I think this photo shows the iPad, 13 inch MBP and 15 inch MBP adapters.



Attachment Image
Score: 2 Votes (Like | Disagree)

Top Stories

nothing ear 1 buds 1

Nothing 'Ear (1)' True Wireless Earbuds Launch to Take on AirPods Pro With ANC and Unusual Design for $99

Tuesday July 27, 2021 7:57 am PDT by
Nothing, a new brand from OnePlus founder Carl Pei, has today officially launched the "Ear (1)" true wireless earbuds after months of anticipation around the company's AirPods Pro rival. The Ear (1) features an in-ear design, Active Noise Cancelation, Bluetooth 5.2, IPX4 water resistance, and a charging case with Qi-compatible wireless charging and a USB-C port. Fast pairing is supported on...
iPhone 13 Always On Feature

iPhone 13 to Bring Over a Major Feature From the Apple Watch

Wednesday July 28, 2021 2:21 am PDT by
Apple's upcoming iPhone 13 lineup will feature an always-on display akin to the Apple Watch Series 5 and Series 6, according to recent reports. In his weekly Power On newsletter, Bloomberg journalist Mark Gurman, who often reveals accurate insights into Apple's plans, said that the iPhone 13 may feature an Apple Watch-inspired always-on mode. The Apple Watch Series 5 and Apple Watch...
duracell battery bitter coating

Apple Says Don't Buy AirTag Replacement Batteries With Bitter Coating

Wednesday July 28, 2021 11:08 am PDT by
Since AirTags were just released earlier this year and are expected to have a year-long battery life, it may be some time yet before AirTag users need a replacement battery, but when the time comes for a refresh, Apple is warning customers not to buy batteries with a bitter coating. AirTags use coin-shaped CR2032 batteries, which happen to be a size that's easy to swallow. Some battery...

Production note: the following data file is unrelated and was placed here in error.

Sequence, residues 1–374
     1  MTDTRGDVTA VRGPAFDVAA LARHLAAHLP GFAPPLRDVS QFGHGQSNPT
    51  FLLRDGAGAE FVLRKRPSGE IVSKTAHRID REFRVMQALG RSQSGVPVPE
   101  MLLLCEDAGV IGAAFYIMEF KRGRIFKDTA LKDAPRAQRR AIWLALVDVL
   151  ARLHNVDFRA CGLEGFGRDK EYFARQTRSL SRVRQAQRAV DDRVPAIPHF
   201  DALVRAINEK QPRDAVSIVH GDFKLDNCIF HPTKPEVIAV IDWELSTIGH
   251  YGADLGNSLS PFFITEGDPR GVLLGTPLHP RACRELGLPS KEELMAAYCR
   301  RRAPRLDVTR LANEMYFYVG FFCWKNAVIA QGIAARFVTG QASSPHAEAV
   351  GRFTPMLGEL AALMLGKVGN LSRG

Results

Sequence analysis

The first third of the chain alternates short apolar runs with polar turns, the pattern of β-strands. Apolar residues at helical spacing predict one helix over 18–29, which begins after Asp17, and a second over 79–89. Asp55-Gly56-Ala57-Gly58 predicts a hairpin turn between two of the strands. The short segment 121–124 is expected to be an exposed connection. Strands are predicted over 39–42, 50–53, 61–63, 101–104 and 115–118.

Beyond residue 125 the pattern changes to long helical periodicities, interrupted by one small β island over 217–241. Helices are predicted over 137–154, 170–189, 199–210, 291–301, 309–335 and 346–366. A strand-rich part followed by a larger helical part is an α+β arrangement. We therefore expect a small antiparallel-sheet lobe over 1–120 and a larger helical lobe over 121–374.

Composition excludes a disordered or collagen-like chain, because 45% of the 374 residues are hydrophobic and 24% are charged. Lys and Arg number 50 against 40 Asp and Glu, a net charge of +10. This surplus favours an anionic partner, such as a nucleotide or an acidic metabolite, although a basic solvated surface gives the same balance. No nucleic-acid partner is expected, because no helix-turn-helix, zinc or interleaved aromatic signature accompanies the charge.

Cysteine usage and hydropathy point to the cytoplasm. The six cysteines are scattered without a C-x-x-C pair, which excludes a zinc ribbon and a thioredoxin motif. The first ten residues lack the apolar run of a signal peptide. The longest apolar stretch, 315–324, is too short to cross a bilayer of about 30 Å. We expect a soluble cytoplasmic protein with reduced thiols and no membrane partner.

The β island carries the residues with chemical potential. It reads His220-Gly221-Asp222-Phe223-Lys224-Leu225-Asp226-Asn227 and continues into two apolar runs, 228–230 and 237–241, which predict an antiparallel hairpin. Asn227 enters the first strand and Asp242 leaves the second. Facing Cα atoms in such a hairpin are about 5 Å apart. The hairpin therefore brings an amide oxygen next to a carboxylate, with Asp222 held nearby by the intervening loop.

iPad mini pro feature 2

iPad Mini 6 to Feature 8.3-Inch Display With No Home Button and Narrower Bezels

Monday July 26, 2021 12:26 pm PDT by
The sixth-generation iPad mini that's in the works will have an 8.3-inch display, according to display analyst Ross Young. That will be larger than the current 7.9-inch display, with the larger size due to the removal of the Home button and a narrower bezel design. Rumors about the iPad mini 6 have been picking up in recent weeks ahead of its prospective launch this fall. Apple analyst...
iOS 15 General Feature Purple

Everything New in iOS 15 Beta 4: Safari Tweaks, MagSafe Battery Pack Support, Notification Updates and More

Tuesday July 27, 2021 11:47 am PDT by
Apple today released the fourth betas of iOS 15 and iPadOS 15, introducing additional refinements to the new features that are coming in the software updates. In these betas, Apple has introduced changes for Safari, Notifications, Focus mode, and more. Safari Updates Apple is continuing to refine the design of Safari on the iPhone, and in iOS 15, there are tweaks to improve usability. ...
new m1 chip

Tim Cook on Apple Deciding to Manufacture Components: 'We Ask Ourselves If We Can Do Something Better'